Are You Really Going to Wear ‘That’ to Work?

The importance of wearing the right clothes for doing your work

Business on top, party on bottom. Credit Aaron Gouveia

Hawaiian shirts, baggy cargo shorts, flip flops. Is this some pool party in August or just casual Friday at work? Some days it’s hard to tell but should it matter what you wear if you are getting your work done?

I was thinking of this recently because my boss is a chameleon of sorts when he does sales. When he visits a big pharma company based in Germany, he struts in with a freshly pressed suit; in Silicon Valley, he wears jeans and an untucked button down shirt, and when he’s at the office, he wears whatever he wants because he’s on the phone.

There’s no arguing that people judge you by what you wear — this is why my boss changes his “skin” when he meets with different clients. And plenty of articles talk about how to dress for success to climb the corporate ladder. But what effect does your outfit have on the actual work you do in the office?

Does it matter if you’re wearing shorts, slacks, skirts, or nothing at all?

Enclothed cognition aka what you wear affects how you do your work

In 2012, Hajo Adam and Adam Galinsky decided to find out if what you wear affects how you do your work. In their study “Enclothed Cognition,” they compared people doing work while wearing a lab coat to people doing work while wearing a painter’s coat.

Their idea was enclothed cognition or “the systematic influence that clothes have on the wearer’s psychological processes,” will affect productivity. Simply put: what you wear affects how you act. This happens partly through the symbolic meaning you associate with the clothing and the physical experience of wearing them.

They did three experiments comparing subjects who wore lab coats with subjects who wore painter’s coats. The idea was that people wearing a lab coat would feel like doctors or scientists and people who wore a painter’s coat would feel ridiculous or at least wouldn’t have any symbolic association with how they did their work.

By the end of their experiment, they discovered people who wore lab coats had increased performance on attention-related tasks.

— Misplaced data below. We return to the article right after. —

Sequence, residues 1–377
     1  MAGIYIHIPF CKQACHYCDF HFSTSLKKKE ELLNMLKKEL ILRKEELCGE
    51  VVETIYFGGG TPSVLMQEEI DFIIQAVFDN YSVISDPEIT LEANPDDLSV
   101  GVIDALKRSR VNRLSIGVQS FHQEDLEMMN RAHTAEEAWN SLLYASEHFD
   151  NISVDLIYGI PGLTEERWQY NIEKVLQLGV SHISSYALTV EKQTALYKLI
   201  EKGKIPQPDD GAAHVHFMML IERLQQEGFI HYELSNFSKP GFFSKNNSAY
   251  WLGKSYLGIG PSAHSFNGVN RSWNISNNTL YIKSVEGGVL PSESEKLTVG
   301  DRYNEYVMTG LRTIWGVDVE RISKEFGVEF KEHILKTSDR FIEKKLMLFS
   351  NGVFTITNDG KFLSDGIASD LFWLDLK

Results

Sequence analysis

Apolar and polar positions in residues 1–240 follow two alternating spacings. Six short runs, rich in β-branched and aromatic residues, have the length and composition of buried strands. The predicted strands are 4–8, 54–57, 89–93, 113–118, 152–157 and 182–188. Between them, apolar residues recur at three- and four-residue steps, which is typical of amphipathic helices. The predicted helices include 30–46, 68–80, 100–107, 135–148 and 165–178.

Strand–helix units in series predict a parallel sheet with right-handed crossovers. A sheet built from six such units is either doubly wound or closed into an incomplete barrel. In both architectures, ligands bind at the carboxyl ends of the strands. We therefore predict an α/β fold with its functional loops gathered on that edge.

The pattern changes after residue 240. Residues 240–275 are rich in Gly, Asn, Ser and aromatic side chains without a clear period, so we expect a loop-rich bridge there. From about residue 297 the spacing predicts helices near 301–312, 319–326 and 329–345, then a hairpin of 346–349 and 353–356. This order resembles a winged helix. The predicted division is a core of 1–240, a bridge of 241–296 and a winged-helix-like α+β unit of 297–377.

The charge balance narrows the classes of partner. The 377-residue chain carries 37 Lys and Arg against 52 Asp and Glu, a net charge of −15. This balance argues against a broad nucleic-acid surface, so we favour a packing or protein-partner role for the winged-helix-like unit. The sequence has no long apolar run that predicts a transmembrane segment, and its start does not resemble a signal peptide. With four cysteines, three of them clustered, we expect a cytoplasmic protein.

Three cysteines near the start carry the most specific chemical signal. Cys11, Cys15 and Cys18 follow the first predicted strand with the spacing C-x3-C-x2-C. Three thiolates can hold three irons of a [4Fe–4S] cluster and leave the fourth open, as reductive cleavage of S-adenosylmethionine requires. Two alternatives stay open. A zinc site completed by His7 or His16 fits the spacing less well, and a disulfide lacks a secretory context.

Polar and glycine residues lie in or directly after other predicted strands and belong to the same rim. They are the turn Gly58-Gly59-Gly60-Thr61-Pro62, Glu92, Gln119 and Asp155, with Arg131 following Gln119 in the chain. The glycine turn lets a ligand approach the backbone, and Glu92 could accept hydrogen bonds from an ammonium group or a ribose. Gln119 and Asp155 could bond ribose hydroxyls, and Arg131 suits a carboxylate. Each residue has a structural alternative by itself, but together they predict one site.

A pretty clear case for what you wear is important, or at least lab coats are important. That is until experimenters tried to replicate the results.

Enclothed cognition part two: a lab coat by any other name

The positive effects of lab coats on how we do our work is not as clear cut as it seems. Later experimenters found that lab coats also had negative effects on problem solving or no effect at all on work, depending on the experiment.

When Charles Stockum and Marci DeCaro did a similar lab coat experiment, they found that while wearing lab coats might increase performance on attention-related tasks, it also led to negative performance on tasks that involved insight problem-solving. You know, thinking “out of the box” and being creative, which is what all companies say they want.

To further complicate the issue, when the lab coat study was replicated a few years later by Rebecca Womack in “Enclothed Cognition: The Effect of Attire on Attention Task Performance,” she did not find any significant results. Wearing a lab coat had no effect on increased performance in attention related tasks.

The effect of formal clothes on work

So that’s all great for lab coats, but what about formal wear? You know, wearing a suit at work, since not all of us wear lab coats to our jobs. Well there’s a study for that too. In the experiment, “The Cognitive Consequences of Formal Clothing,” the team of researchers discovered wearing formal clothes can affect the way you think about your long-term and short-term goals.

In the study, researchers found when undergraduates wore clothes they would wear to a job interview as opposed to clothes they would wear to class, their behavior in “formal clothes” resulted in more abstract cognitive processing. Simply put: people who wore formal clothes could concentrate more on long-term goals than short-term goals.

So does that mean you should put on your three-piece suit when you want to make your five-year plan? Maybe. Or maybe not because not all people have the same symbolic associations with formal clothes.

Dress codes and all that

In fact, there is only some small evidence to suggest what we wear affects how we do our work. And that evidence only shows it helps in certain task areas.

So should we do away with the formal office dress code if you don’t face the public as long as you get your work done? To a certain extent, the answer would be yes. If what’s important is results and bottom lines, then why care about tucked shirts and hemlines?

So if you work remote and want to show up to the virtual meeting sporting a business jacket on top and pajamas on bottom, then it doesn’t matter as long as you have good results.

Full Disclosure: I wrote this article wearing khakis and a henley t-shirt.


Kyle Crocco is a Content Marketing Coordinator at BigSpeak Speakers Bureau and is widely known not to have very good fashion sense. However, he does look cool in his new Duh Professor music video Setback City.